The Mount Vernon neighborhood in Highland Park is particularly popular because three of its streets end at Turtle Creek and the lush backdrop and bird habitat it provides the neighborhood.

Highland Park comprises 21 specific neighborhoods. Every Highland Park neighborhood has its special attributes and desirable characteristics. Homeowners are drawn to each of them for different reasons. The Mount Vernon neighborhood in Highland Park is one of my favorites because it is a hidden, secluded, forested neighborhood. In Highland Park, it is bounded by Turtle Creek and the Dallas Country Club golf course, and it is just around the corner from the clubhouse of the Dallas Country Clubwhich is just a few blocks away, as well as being just a few blocks away from the shops and restaurants of Highland Park Village. The Mount Vernon neighborhood is also topographically pleasing as it is built on a hill that descends towards Turtle Creek with a backdrop of the Dallas Country Club golf course. This is the only neighborhood in Highland Park where the number of walkers enjoying the neighborhood exceeds the number of cars going by. Unless you live in the neighborhood or have a friend visiting, there is no reason to drive down these series of streets that end at the creek. The topography and wide lots separate the significant Mount Vernon neighborhood homes that span 100 years. Here, one finds architectural styles from each decade that beautifully meld into a neighborhood mosaic of architectural excellence. Here, important historic homes, award-winning modern homes and renovated architect-designed midcentury modern homes add to the feeling of an established, gracefully evolving neighborhood.

3925 Potomac Avenue is on an Extraordinary Site

I have always said a beautiful site is even more important than a location or neighborhood when it comes to making someone happy living in their home. A beautiful site is a beautiful site no matter its location. Also, I often mention that architects have the best instincts for good sites for the homes they design. Many of the great homes in Dallas designed by the best architects are on fabulous sites.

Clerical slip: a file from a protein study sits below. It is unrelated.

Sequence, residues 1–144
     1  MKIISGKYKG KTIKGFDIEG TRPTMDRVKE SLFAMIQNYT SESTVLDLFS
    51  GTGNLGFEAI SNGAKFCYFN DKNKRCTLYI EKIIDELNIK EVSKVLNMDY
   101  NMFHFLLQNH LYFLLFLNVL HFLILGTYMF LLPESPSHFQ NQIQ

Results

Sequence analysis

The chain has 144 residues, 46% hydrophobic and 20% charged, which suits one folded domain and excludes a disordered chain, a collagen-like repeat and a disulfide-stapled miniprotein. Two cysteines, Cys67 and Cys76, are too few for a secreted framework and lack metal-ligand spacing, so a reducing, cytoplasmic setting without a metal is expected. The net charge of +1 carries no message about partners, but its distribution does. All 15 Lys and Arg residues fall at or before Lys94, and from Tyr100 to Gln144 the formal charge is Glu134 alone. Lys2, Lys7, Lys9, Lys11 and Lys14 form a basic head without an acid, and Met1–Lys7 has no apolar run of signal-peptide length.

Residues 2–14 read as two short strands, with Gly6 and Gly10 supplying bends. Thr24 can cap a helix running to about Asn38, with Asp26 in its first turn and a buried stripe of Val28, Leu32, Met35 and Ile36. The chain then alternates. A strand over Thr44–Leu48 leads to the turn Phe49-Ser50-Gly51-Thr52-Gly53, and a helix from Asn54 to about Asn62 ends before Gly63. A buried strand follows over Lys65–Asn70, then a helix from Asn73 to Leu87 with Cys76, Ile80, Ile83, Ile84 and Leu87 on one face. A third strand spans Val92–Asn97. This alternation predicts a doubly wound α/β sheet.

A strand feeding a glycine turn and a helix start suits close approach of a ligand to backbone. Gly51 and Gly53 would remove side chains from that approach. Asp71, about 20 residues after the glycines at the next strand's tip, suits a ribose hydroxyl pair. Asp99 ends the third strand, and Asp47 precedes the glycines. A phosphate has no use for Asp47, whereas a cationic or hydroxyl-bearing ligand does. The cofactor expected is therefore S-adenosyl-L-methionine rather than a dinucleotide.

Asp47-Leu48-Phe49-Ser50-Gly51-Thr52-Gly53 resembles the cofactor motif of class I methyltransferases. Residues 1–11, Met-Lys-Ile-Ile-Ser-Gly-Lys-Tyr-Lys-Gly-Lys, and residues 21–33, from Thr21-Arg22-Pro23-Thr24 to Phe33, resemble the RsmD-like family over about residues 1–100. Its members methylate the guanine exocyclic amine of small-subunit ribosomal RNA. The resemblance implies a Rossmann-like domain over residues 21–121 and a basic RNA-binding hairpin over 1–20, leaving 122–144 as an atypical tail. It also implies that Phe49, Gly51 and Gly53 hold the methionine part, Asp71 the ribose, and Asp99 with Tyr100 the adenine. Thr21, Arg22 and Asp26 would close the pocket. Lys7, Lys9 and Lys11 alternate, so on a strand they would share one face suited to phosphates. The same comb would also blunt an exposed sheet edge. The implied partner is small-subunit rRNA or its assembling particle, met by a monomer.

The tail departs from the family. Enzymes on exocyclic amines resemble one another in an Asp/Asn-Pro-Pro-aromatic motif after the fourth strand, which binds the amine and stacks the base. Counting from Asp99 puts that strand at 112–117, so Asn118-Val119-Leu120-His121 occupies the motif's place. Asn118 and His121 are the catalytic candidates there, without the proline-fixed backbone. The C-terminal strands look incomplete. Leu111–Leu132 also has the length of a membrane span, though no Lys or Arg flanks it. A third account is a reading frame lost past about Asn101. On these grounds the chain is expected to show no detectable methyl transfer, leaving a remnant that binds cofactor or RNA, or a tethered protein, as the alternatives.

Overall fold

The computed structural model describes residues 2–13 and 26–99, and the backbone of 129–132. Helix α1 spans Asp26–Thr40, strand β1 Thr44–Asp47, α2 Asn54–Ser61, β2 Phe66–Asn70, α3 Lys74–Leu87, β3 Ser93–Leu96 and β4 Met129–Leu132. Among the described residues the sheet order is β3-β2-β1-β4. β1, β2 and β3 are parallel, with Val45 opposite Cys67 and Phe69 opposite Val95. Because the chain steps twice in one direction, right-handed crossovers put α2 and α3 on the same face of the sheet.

Architect Hal Thomson Had an Instinct for Selecting the Best Sites for His Homes

Dallas Country Club golf course view from 3925 Potomac Avenue in Highland Park.
Approaching 3925 Potomac and from its front yard, one enjoys a splendid view of the flowering trees of Turtle Creek that frame the Dallas Country Club golf course.

Hal Thomson is considered the godfather of Dallas architects. He designed the grandest homes in Dallas in the early 1900s and they were all placed on wonderful sites. One can only imagine the care he put into the selection of the site for the home he designed for himself and his family. Hal Thomson, for his own home, selected 3925 Potomac Avenue in the Mount Vernon neighborhood of Highland Park. It is interesting that he did not select the lot at the end of the street that is along Turtle Creek and the Dallas Country Club golf course. Instead, Hal Thomson selected a site that is one lot up the relatively steep hill from Turtle Creek. I compare this selection to that of seats at a theater. One might choose the front row looking up at the stage and its actors or conductor or select a seat a few rows back to have a full view of the stage and backdrop. When one approaches 3925 Potomac, one sees the flowering trees and lush undergrowth lining the creek and through this veil of green one sees a backdrop of the expansive rolling golf course.

Attractive Potomac Topography

Mount Vernon neighborhood screetscape in Highland Park of 3900 block of Potomac Avenue.
The architectural rhythm of the 3900 block of Potomac adds to the appeal of 3925 Potomac and the Mount Vernon neighborhood in Highland Park.

The site at 3925 Potomac is completely out of the 100-year flood plain while the first lot next to the creek is impacted by the flood plain since it is at the bottom of the hill, next to the creek. Since Dallas and Highland Park were primarily developed out of flat cotton fields, we forget how attractive it is for homes to be built on a street that descends down a hill. The home next to 3925 Potomac Avenue almost disappears because it is built on a much lower elevation.

Neighboring Home Almost Disappears

Because of a wide lot surrounded by trees and its site on a hill, one hardly notices from this Hal Thomson designed home the neighboring home as it almost disappears.

Another fortuitous advantage of the site at 3925 Potomac is the neighboring home was designed by Bud Oglesby, an iconic Dallas modern architect who purposefully submitted the design of the home to the landscape. He created long, horizontal spaces, resulting in great views from the house rather than build a tall vertical home that would impose itself on the neighborhood.

Architectural Context of 3925 Potomac Avenue

When I was in grade school and my father was helping me pick out my first pair of glasses, he said it shouldn’t matter to me what they look like because it was everyone else who was going to have to look at them. Hal Thomson wanted a beautiful house he and his family could look at across the street from his home. He knew what he was looking at across the street would increase his and his family’s happiness in their home at 3925 Potomac. I do not think it is a coincidence that the very next year, after he designed his own home, he designed the home across the street in the same charming New England influenced style and scale. To have a pair of homes that beautifully relate to each other is a treat for both homeowners and the rest of the Highland Park community walking by.